Solano Community College will be commemorating Black History Month with a series of events throughout February. To kick things off, the college will be hosting a speech by noted Olympian and human rights activist Tommie Smith at the SCC Theatre.
Smith was a track and field star who competed in the 1968 Olympics in Mexico City at the age of 24 and broke the 200-meter record with a time of 19.83 seconds, winning a gold medal in the process. Upon receiving his medal at the victory podium, Smith and bronze medal recipient John Carlos each raised clenched fists with black leather gloves as “The Star-Spangled Banner” was playing. The gesture was praised by some and criticized by others but nonetheless became an iconic symbol of the Black Power movement. The story was captured in the 1999 HBO documentary “Fists of Freedom” and the 2008 ESPN documentary “Return to Mexico City” and also inspired a statue that sits on the campus of San Jose State University, Carlos and Smith’s alma mater.
Following the moment, Smith had a short stint as a wide receiver for the Cincinnati Bengals, became an assistant professor of physical education at Oberlin College and helped coach the U..S. World Indoor Championship team in Barcelona in 1995. He spends a lot of time public speaking now and authored a book about his life experiences titled “Silent Gesture” in 2007.
Smith was booked for the SCC speaking engagement by President Celia Esposito-Noy with funding provided by the SCC Educational Foundation. Student affairs specialist Rischa Williams Slade said he would likely be discussing “what happened in 1968 in Mexico City and more than likely the impact that it had on his career and the career of John Carlos also.”
Carlos will also be selling his book and T-shirts and signing items in the theatre lobby after the conclusion of the event.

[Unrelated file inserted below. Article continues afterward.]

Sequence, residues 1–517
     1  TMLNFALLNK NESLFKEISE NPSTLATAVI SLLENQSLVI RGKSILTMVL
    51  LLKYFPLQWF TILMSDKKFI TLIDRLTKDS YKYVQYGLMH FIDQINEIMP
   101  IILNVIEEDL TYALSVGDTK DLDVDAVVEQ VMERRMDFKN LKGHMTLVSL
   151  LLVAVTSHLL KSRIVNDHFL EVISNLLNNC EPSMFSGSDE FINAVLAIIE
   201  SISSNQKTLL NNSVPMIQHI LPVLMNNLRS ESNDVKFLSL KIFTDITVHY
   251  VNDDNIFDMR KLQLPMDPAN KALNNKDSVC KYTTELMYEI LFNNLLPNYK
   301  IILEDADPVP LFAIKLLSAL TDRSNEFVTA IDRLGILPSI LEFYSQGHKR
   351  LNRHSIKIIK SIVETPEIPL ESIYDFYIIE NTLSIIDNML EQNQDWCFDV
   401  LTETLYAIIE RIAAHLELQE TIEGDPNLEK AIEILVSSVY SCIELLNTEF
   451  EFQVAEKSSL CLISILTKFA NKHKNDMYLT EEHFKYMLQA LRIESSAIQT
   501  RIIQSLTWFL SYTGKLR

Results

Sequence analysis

“I’m really hoping that people will come and get a bit of living history (and) get the opportunity to get to hear it from a person that was there,” Slade said.
The event will be held from 6 to 7 p.m. Thursday, Feb. 8 in the SCC Theatre, located in Building 1200 of SCC at 4000 Suisun Valley Road in Fairfield. Doors will open at 5:30 p.m. Free parking is available in Lot 2. The event is free and open to the public.
SCC has three other Black History Month events lined up in February with the theme being “African Americans in Times of War.” On Feb. 14 from 11 a.m. to noon, a panel discussion will be hosted featuring two retired African American military officials: Jesse Branch, who received the highest ranking n the United States Marines Corps as a sergeant major; and James Harris, a former chief master sergeant in the United States Air Force. Among other topics, the two will be discussing why they enlisted and racial discrimination issues they faced in the military.
Later that day from 12:15 to 1:30 p.m., SCC will be screening a documentary titled “For Love of Liberty: The Story of America’s Black Patriots.” The 2010 film explores the role that African Americans played in the military from the Revolutionary War to the present day. The movie won an NAACP Image Award for Outstanding Theatrical Documentary. The screening will also take place in Building 1400.
Finally, on Thursday, Feb., 21 from 11 a.m. to 1 p.m., a genealogy workshop titled “Find Your Roots” in Building 1400. Participants are asked to bring their own laptops.
“What we’re doing here is welcoming people to join as we celebrate the experiences of the retired armed forces veterans who served and all the challenges that they faced only to return home to deal with racial discrimination,” Slade said of the month’s events.
All activities will be presented by the Student Life Office and Associated Students of Solano College.